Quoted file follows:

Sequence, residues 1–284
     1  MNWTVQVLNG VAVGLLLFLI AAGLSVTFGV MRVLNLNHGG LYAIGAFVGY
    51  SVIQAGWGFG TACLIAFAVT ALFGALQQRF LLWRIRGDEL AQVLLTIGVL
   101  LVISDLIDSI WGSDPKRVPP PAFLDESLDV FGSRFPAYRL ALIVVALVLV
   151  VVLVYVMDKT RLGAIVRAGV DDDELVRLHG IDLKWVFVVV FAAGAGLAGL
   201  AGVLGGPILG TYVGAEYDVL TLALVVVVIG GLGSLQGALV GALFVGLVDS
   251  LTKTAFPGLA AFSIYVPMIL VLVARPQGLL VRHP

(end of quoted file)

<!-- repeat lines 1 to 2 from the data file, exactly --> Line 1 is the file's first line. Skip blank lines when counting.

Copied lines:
Sequence, residues 1–284
     1  MNWTVQVLNG VAVGLLLFLI AAGLSVTFGV MRVLNLNHGG LYAIGAFVGY